Select the input source
- In the left pane, locate and select Local Windows host monitoring.
- In the Collection Name field, enter a unique, memorable name for this input.
- In the Event Types box, locate the host monitoring event types you want this input to monitor.
- Click once on each type you want to monitor.
Splunk Enterprise moves the type from the Available type(s) window to the Selected type(s) window.
- To deselect a type, click its name in the Selected type(s) window.
Splunk Enterprise moves the counter from the Selected type(s) window to the Available type(s) window.
- (Optional) To select or deselect all of the types, click the add all or remove all links.
Selecting all of the types can index of a lot of data and might exceed the data limits of your license.
- In the Interval field, enter the time, in seconds, between polling attempts for the input.
- Click Next.
Specify input settings
Go to the Input Settings page to specify the application context, default host value, and index. All of these parameters are optional.
- Select the appropriate Application context for this input.
- Set the Host name. You have several choices for this setting. For more about setting the host value, see About hosts.
Host sets the host field only in the resulting events. It does not configure Splunk Enterprise to look on a specific host on your network.
- Set the Index to send data to. Leave the value as default, unless you defined multiple indexes to handle different types of events. In addition to indexes for user data, the Splunk platform has multiple utility indexes, which also appear in this dropdown list.
- Click Review.
Review your choices
After specifying all your input settings, review your selections. Splunk Enterprise lists all options you selected, including the type of monitor, the source, the source type, the application context, and the index.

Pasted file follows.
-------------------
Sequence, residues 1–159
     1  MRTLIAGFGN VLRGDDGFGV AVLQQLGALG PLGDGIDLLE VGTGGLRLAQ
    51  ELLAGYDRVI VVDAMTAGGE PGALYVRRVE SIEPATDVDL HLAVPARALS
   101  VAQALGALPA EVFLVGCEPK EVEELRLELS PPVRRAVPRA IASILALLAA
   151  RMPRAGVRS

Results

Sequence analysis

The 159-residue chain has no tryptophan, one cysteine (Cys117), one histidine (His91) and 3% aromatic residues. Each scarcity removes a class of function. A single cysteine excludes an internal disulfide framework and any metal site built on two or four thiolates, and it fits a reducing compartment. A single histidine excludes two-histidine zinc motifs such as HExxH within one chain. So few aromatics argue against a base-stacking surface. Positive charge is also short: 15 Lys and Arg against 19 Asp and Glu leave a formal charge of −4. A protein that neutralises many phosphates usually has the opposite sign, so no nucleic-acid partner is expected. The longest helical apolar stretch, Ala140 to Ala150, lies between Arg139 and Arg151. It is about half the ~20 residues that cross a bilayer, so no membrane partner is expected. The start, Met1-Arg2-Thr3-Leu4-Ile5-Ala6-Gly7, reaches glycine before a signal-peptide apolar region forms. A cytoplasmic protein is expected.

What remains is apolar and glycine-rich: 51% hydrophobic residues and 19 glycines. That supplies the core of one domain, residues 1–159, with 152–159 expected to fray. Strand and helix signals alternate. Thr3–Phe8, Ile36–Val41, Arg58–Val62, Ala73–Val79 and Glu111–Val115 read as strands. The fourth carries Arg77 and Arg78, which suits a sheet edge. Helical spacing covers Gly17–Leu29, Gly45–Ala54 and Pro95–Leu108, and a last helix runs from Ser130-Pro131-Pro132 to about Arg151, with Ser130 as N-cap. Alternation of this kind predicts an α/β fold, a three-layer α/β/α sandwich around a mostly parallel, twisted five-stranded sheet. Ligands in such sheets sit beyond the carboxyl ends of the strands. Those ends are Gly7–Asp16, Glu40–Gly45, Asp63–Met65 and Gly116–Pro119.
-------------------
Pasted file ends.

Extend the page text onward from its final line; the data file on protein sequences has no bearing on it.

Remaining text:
- Review the settings.
- If they do not match what you want, click the left-angle bracket ( < ) to go back to the previous step in the wizard. Otherwise, click Submit.
Splunk Enterprise then loads the Success page and begins indexing the specified host information.
Examples of Windows host monitoring configurations
The following examples of how to configure Windows host monitoring in inputs.conf.
# Queries computer information. [WinHostMon://computer] type = Computer interval = 300 # Queries OS information. # 'interval' set to a negative number tells Splunk Enterprise to # run the input once only. [WinHostMon://os] type = operatingSystem interval = -1 # Queries processor information. [WinHostMon://processor] type = processor interval = -1 # Queries hard disk information. [WinHostMon://disk] type = disk interval = -1 # Queries network adapter information. [WinHostMon://network] type = networkAdapter interval = -1 # Queries service information. # This example runs the input every 5 minutes. [WinHostMon://service] type = service interval = 300 # Queries information on running processes. # This example runs the input every 5 minutes. [WinHostMon://process] type = process interval = 300
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This documentation applies to the following versions of Splunk Cloud Platform™: 8.2.2109, 8.0.2007, 8.1.2011, 8.0.2006, 8.1.2009, 8.1.2012, 8.1.2101, 8.1.2103, 8.2.2104, 8.2.2105 (latest FedRAMP release), 8.2.2106, 8.2.2107